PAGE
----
File this one under subjects that aren’t taught in school but should be. It’s amazing how many of us lack basic financial skills even after graduating college. This piece shows exactly how financial independence doesn’t just mean that you can cover your rent, groceries, and utilities — it means that you have the freedom to know what you deserve and not settle for less.

Why I Love It: “You wait to pay the electric bill while you’re gathering up the half you owe, and the lights go out. On your phone you see the email about the $50 late fee. Your boyfriend asks how you could be so stupid. ‘I am not stupid,’ you say. You would never be with someone who called you names, but you would never be able to make first, last, and deposit right now, either.”

The Call Podcast

The Call is a podcast from Man Repeller in which former political strategist Erica Williams Simon hosts intimate conversations with women who have answered their own professional and creative callings. She delves into the nitty gritty of what making these leaps looks like in real women’s lives: What is the journey actually like? What were the steps they took to get there? How can the rest of us do it too?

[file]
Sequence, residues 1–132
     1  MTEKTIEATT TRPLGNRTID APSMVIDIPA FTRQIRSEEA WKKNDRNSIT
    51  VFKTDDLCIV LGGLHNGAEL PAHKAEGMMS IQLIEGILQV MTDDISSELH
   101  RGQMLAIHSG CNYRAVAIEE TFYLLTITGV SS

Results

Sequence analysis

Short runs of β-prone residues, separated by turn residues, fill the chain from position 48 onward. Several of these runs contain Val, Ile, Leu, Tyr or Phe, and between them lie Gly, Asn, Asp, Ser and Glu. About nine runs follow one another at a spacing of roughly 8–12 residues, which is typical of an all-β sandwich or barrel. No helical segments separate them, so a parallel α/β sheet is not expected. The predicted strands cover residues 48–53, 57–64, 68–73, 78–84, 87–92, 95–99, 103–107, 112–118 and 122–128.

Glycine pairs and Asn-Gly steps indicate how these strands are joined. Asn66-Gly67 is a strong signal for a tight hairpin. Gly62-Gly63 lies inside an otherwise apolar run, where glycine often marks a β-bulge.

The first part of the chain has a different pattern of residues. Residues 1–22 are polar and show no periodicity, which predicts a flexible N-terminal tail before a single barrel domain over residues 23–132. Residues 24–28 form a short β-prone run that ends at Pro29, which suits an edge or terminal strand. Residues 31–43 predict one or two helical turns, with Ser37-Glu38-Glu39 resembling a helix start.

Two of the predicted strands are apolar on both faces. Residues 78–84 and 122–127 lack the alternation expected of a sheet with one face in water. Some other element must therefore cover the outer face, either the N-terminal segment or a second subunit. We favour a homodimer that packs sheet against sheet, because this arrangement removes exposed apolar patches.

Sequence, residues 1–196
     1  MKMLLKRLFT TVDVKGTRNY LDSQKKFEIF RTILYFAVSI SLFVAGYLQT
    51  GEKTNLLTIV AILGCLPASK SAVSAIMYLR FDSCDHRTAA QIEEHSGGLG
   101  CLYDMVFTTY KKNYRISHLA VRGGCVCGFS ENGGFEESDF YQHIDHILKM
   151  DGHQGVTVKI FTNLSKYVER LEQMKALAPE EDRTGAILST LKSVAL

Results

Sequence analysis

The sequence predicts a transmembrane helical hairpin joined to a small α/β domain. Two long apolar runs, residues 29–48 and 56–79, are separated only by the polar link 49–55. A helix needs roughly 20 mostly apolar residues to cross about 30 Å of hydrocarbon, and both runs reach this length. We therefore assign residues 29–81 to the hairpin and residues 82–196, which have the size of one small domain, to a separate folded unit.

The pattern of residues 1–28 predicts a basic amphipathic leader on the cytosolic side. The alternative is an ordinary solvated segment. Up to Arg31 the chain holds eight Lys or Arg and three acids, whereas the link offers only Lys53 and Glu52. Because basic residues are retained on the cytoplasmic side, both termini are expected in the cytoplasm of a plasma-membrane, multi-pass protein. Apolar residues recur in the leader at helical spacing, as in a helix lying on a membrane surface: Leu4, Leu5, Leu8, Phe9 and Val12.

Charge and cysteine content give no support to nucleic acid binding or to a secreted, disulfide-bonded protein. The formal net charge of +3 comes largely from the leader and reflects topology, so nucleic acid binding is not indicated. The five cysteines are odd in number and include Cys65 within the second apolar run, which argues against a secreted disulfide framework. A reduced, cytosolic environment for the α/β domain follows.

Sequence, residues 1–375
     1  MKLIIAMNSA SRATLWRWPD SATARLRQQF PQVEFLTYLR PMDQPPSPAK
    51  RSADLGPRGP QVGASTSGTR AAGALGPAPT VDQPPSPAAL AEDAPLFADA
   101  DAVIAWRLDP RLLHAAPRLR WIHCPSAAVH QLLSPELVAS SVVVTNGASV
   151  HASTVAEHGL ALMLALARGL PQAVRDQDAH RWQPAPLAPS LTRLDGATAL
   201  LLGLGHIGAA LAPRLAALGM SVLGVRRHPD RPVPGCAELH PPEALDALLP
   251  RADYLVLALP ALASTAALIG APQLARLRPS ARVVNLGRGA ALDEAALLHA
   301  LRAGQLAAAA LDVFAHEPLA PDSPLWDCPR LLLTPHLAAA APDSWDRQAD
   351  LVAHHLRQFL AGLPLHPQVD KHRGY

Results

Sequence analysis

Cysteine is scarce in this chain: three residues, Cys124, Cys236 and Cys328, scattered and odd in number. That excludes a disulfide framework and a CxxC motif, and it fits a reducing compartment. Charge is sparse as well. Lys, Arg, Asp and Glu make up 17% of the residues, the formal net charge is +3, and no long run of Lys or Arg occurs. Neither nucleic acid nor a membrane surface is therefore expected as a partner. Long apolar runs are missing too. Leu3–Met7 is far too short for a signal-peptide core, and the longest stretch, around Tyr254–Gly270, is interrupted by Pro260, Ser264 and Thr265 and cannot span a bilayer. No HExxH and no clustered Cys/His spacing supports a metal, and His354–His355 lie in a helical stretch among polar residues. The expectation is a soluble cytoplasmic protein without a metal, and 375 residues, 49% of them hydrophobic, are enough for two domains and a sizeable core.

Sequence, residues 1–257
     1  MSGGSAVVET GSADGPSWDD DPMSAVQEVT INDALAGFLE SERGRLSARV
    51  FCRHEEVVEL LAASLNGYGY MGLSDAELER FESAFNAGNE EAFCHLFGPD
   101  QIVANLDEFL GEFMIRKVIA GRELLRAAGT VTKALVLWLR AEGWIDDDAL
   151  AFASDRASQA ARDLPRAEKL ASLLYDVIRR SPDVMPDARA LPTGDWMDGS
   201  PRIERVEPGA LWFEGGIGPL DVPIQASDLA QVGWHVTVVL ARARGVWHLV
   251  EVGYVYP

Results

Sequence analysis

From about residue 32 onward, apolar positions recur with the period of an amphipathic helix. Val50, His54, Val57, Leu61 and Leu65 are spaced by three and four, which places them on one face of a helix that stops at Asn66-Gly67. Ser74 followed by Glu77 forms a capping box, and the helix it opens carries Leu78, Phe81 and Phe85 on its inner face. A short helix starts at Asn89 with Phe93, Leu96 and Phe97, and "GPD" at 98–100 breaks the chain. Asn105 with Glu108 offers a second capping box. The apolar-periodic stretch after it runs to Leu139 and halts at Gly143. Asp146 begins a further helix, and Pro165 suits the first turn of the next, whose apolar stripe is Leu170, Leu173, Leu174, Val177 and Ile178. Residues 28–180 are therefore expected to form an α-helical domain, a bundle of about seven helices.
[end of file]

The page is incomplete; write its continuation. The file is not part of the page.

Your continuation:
Why I Love It: It’s not just inspirational, it’s practical. My favorite episode so far has been with Jenna Wortham, a technology and culture writer for the New York Times and my current career icon. Jenna talks about how she got her first job as a writer, what she did to make money before landing a full-time gig, negotiating her salary, why she plans her life by quarters, and what she’d tell other women who are just starting out.

If this post inspired you, feel free to cut up your credit cards and mail them to me! Alternatively, just share it with a friend. Sign up to get posts like this sent straight to your inbox before they appear on the blog.

My “Holy Grail” Beauty & Skincare Products

  via Glossier

via Glossier

When I was a teenager (and well into college), it was a feat just to remember to wash my face before bed. My freshman year roommate took it one step further: in order to sleep in as late a possible — but still make it to class on time — she would apply a full face of makeup the night before and just lie perfectly still on her back for 8 hours.